It’s a Wonderful Life appears to reach new heights of success each time it’s remade. In the film that inspired the “It’s a Wonderful Life” musical, timeless features like the Marietta Train Station have been preserved and improved. The faces and hair of multiple different eras have been captured, despite changed hairstyles, makeup and timeless touches like mustard-yellow suits. (Some may recall, if they’re from the Midwest, that all the look-alike costumes were available in old station stores.) One noticeable alteration that has made the play’s story fresh is the character of George Bailey, who is played by Martin Short instead of James Stewart. A lot has changed since the story’s inception on Broadway, but the audience has stayed the same. It’s a Wonderful Life has played to sold-out houses since Thanksgiving, and The Kingsmill is showing it again this year.
REVIEW: ‘It’s a Wonderful Life’ a touching, very traditional stage version with an occasional head-scratcher (Review)
Mary Agnes Donoghue’s actors combine talent with boundless enthusiasm as they perform the well-known script. Loved ones, family and classmates play various roles, but three are featured extensively: One (Randy Pate) is an actor, who changes back and forth between roles; another (Ricardo Santos), is a thoughtful teenager in George’s life; and the third (Stephen Lawrence), the younger cousin of George and Mary Cooper (Celia Hiller) in Baltimore. Interestingly, this same group performed together in last year’s production of It’s a Wonderful Life at Arena Stage.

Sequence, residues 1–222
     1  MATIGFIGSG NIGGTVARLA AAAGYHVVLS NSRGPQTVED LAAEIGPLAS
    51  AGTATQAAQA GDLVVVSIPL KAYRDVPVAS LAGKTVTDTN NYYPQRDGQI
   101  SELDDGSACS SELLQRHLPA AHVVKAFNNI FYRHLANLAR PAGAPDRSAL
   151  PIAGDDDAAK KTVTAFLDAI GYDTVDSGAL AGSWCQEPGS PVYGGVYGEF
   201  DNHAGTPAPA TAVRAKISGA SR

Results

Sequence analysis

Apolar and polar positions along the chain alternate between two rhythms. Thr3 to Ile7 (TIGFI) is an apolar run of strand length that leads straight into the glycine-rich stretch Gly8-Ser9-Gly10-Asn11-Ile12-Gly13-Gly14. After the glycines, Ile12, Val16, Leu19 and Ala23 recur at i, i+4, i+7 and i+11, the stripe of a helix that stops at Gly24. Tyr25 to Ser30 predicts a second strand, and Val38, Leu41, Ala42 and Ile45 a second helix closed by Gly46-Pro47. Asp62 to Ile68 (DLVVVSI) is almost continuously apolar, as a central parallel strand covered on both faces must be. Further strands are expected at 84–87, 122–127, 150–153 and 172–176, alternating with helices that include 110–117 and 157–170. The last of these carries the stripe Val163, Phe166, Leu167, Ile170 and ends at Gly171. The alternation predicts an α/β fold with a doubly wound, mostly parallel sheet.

In a small, charming arrangement this year, every one of the six seats onstage is a child. For the most part, when the children are in the audience, their parents are positioned near the set, allowing this segment to air. We saw one child wait a couple of feet away from the set for the lights to dim, and it was a completely new experience watching a child live so close to our theater.
The characters in It’s a Wonderful Life are alive and well, though the audiences are primed to laugh when the cuddly Mr. Potter comes around the corner. They’re not the same people they were in the film, but the reactions are just as heartfelt. A huge question remains for many who see the theater production: What do George and Mary think of the story and the people she’s helped? Their answer is always simple and sweet.
Reach D. Anthony Botkin at (703) 385-3541 or at [email protected]